[This is actually an addendum to Things a Pastor Isn't: The Minister.]
Given, then, that the pastor is not The Minister®, to the exclusion of the congregation of believers; and...
Given that the pastor's ministry is the equipping of the saints at large for the work of ministry (Ephesians 4:12)...
It follows that our view of the transaction of the sermon must be affected. How so?
Common practice has the one man (The Minister) standing and, well, ministering. The saints, meanwhile, are his audience. He ministers, they watch. At best, they listen. We hope they learn something. We know that they are grading him, evaluating his performance. Was he good? Bad? Boring? Exciting? Amusing? Too amusing? Too lecturelike? Crabby? Happy? Too moralizing? Too theoretical? Too practical?
Knowing this, the pastor has his own temptation. Does he "play to the audience"? Does he do what he knows will please, amuse, and entertain them? Does he avoid humor to humor the sourpusses, or major on it to amuse the amusement-seekers? Does he avoid hard subjects or (equally!) confront them head-on, to please the various tastes of his visible, human audience? Or is he the ornery sort who takes positive pleasure in displeasing them?
And, of course, the pastor can't but notice their comporture — unless he does like one of my Homiletics profs, who never lowered his eyes from the rafters. So, how do they look? Rapt? Fidgety? Sleepy? Respectful? Are they mannequins? Partygoers? Trancelike? Podlike? What's going on out there? Is there any connection happening, any "spark" at all? Did he have them at "Albeit," or lose them at "Peradventure"?
Of should he not even care?
I know that sometimes when I write I hedge my bets, and give carefully-shaded and shaved dicta. Here, however, I'll be blunt and flat:
play to the audience!
Oh, and one more:
Surprised? Well, here's the kicker: the crux (no pun) here is the identification of the audience I have in mind.
If the church is an ekklēsia, an assembly — before whom are they assembled? Are the sheep assembled in the name of the pastor, under his ultimate rule, and for his purposes? Hardly. No, sheep and shepherd alike are assembled before the same audience.
Hear how Paul charges young pastor Timothy:
I charge you in the presence of God and of Christ Jesus, who is to judge the living and the dead, and by his appearing and his kingdom: 2 preach the word; be ready in season and out of season; reprove, rebuke, and exhort, with complete patience and teaching. 3 For the time is coming when people will not endure sound teaching, but having itching ears they will accumulate for themselves teachers to suit their own passions, 4 and will turn away from listening to the truth and wander off into myths. 5 As for you, always be sober-minded, endure suffering, do the work of an evangelist, fulfill your ministry (2 Timothy 4:1-5)This isn't the place for a detailed exposition, but certain factors leap out at one.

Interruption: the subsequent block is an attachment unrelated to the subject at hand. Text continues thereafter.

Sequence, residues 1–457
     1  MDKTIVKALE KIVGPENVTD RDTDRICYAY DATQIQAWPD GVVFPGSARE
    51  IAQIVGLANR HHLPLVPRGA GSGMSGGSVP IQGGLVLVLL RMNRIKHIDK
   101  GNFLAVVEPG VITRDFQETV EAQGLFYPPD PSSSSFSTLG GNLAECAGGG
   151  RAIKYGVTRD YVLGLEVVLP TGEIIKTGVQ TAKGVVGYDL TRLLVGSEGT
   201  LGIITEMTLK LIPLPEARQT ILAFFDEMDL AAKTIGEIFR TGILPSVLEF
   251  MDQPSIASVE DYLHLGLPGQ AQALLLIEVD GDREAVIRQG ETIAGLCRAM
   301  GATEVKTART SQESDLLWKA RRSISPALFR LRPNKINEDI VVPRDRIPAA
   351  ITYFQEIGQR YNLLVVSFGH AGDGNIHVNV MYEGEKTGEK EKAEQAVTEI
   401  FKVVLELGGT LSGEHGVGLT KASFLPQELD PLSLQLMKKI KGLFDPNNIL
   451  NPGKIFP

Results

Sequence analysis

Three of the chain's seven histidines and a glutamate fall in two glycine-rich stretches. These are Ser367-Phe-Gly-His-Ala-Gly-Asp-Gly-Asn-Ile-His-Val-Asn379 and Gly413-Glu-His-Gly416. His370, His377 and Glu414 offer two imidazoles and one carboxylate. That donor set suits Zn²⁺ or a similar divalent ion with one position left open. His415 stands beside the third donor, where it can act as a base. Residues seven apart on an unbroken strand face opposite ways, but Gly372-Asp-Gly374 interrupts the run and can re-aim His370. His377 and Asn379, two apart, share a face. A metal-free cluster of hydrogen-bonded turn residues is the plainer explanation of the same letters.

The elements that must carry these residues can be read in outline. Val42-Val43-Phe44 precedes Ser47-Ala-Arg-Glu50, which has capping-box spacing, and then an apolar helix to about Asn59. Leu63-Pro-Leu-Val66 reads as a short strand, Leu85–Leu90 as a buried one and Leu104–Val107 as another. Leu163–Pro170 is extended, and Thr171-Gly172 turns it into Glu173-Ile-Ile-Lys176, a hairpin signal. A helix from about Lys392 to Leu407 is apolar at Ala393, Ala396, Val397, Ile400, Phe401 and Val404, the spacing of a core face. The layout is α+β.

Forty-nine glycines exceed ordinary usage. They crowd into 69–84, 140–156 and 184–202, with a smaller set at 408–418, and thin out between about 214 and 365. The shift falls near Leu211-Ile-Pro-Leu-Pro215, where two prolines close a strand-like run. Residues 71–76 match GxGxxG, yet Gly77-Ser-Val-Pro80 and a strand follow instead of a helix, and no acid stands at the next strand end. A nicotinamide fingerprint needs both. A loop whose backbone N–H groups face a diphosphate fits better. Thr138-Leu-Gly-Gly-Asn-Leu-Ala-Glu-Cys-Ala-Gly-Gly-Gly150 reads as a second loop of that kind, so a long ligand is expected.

- Can you think of a more attention-arresting summons than verse 1? The context for every aspect — and, here, particularly for the preaching aspect — of Timothy's pastoral ministry is nothing less than the Eschaton. The present presence of Father and Son, the sure eventuality of His irreversible and exhaustive judgment, and His sure and certain Kingdom. That is the ultimate consideration, the bottom-line. That is his audience. What follows, flows from that foundation.
- His distinctive ministry (apart from ministers of table, bulletin, funds, property, or various functions) is the ministry of the Word (v. 2) — a ministry exercised with the blazing presence and vision of God constantly in mind.
- Pastor Timothy is to persist in this ministry in the absolute certainty that many will find his ministry of the Word irrelevant, boring, repulsive, second-rate (vv. 3-4). He persists, he stays with it — because in the final analysis, they are not his audience. They did not gift nor commission nor charge him. It isn't they who he must please at any cost. They and he together stand before the same Audience.
- However, because of the truths of v. 1, nothing is to turn Timothy from his course of emphatically and passionately and insistently heralding the Word of God above all (v. 5).
Now, is it really that hard to see the other side of this coin, the sheep-side?
If God appoints an office to the charge and leadership of a congregation, and then urges upon those in that office to preach the Word first and foremost... what are His expectations of the congregants? Or, to personalize, if He holds your pastor to preach the Word to you, what is His charge to you? If your pastor is to preach and teach, are you not to hear and learn? "Take care then how you hear," our Lord cautions (Luke 8:18). If the pastor is commissioned by God to reprove, rebuke and exhort you, are you not to accept correction, admit error, and rise to action?
Who, then, is the audience in every church meeting?
The triune God is the Audience, of course. We — on both sides of the pulpit — are the performers; and He is the audience. He walks among the lampstands; He hears, He sees, He judges (Revelation 1—3).
So I ask again, and I ask both preacher and congregation: should we play to the Audience?
We'd better! Yes, absolutely we should focus on the Audience, and seek with all we have to please the Audience. Devotedly, single-mindedly, whole-heartedly, and with everything God gives us.